Or is it?
How long have you been thinking about this change? Analyzing it? Considering the pros and cons? Shaping it in your mind? Assessing what it will take, and how likely that it will work? Maybe you’ve talked it over with a few people, a spouse or best friend, or (if it is a business change), key colleagues and those who report directly to you. You’ve decided to move forward. You’re committed!
Or are you?
And what about the people who have to make this journey with you?
Let’s take a look at a few key things about commitment.
For as much time as you have spent with this important change maturing in your head, it’s likely that you don’t know what you don’t know. Every big change, whether personal or business, positively or negatively perceived, has a “honeymoon.” You don’t know what you don’t know. The road ahead has unforeseen obstacles. The dream, the fantasy, the “ideal future” isn’t as easy to obtain or to sustain as you imagine it to be. Even if others have told you to expect the surprises, chances are you will still be surprised.
As you learn more, you will be challenged to continue forward–to continue deepening your commitment–or to let go of the change. There will be periods of pessimism as the inevitable challenges surface. There will be mistakes, and some really big mistakes, that will drain resources, confidence, and time. If you are prone to believing in your own infallibility–or even to just projecting that image to others–your self-confidence, and the confidence of others in you, is likely to wane.
Commitment to something new means uncommitting to something old. And, if the change is big it often means uncommitting to something that you have been strongly committed to. Committing to a serious monogamous relationship or marriage? It means letting go of those free-wheeling days (and nights); letting go of the dishes in the sink, books in the oven, Chinese take-out in the fridge kitchen; letting go of the open toothpaste squeezed from the middle; letting go of the dirty clothes strewn around the apartment or the laundry basket overflowing. It may mean letting go of friendships, or professional relationships…it can even mean letting go of family.
As you get older, commitment to something new often means uncommitting to something that you have invested significantly in creating and/or sustaining. At work, it may be the systems, the processes, the structures, perhaps even the products and services on which you have built your reputation. In your personal life it may be your lifestyle, your friends, your leisure activities, or your home.
Commitment requires deep understanding. Each time you learn more, commitment is tested. If it passes, the commitment is strengthened. If the new learning breaks the commitment-building cycle it is time to work at either rebuilding, or to “cut loose.”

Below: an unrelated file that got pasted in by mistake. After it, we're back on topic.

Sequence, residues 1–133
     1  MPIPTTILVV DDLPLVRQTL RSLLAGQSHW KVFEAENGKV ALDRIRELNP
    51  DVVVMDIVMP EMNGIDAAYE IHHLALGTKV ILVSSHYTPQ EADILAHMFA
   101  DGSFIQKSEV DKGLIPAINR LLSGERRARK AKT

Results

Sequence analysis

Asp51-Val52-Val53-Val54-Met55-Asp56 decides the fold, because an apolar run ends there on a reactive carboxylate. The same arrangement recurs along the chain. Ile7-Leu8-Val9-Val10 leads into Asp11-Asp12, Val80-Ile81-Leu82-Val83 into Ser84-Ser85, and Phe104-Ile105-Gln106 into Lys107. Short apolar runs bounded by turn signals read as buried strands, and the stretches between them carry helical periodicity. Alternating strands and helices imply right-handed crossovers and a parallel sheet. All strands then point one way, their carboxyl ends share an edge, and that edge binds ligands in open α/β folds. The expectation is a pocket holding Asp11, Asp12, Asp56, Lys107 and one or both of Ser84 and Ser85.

Commitment comes in different forms.
Compliance is one way to express commitment. You wear your seatbelt because you don’t want to get a ticket. You “follow orders” because you need the job, or you don’t want to get into a conflict with your boss. You perform your job “by the book” since you’ve seen how that gets others bonuses and promotions. You attend religious services regularly “to keep peace in the family.” You host family Thanksgiving dinner because “it’s become a tradition.” Commitment at this level is externally driven; remove the external driver and you would be doing something different.
Internalized commitment is much stronger. It is self-motivated, self-powered, self-reinforcing. It is also much more difficult to achieve, especially when the change is not one that you have initiated. For this reason, always consider whether the commitment needed for success can be a commitment of compliance, or whether it has to be internalized.
As difficult as commitment is to achieve, it always baffles me how many people assume that others will instantly commit when introduced to a change.
In organizations, the leadership team may take months building their understanding, commitment, and alignment to a change. It continues to strengthen as the project team plans the roll-out, establishing their own commitment to the initiative. Yet when the change reaches the front line the expectation is often that people will readily–and rapidly–let go of the old and fully embrace the new.
In our personal lives the pattern is much the same. Others come to us with changes they have been contemplating (or working on) for extended periods of time; the expectation is often that we will “jump on board.” We, in turn, do the same with others. There are all sorts of rationale given for avoiding earlier conversations. “I wanted to make sure that I was committed myself.” “I had to do the research so I could answer questions.” “I wasn’t sure how people would respond.” Etc. While these may be valid reasons for waiting to enter the conversation, they do not overcome the reality about commitment. It doesn’t just happen. If you get expressions of commitment when you first introduce the new idea, remember, it is only commitment to the idea. Time will tell whether it can and will develop into commitment to the reality.
What lessons have you learned about commitment? What does, and doesn’t, work for you when you in building your own commitment? What works when you are seeking the commitment of others? Comment below.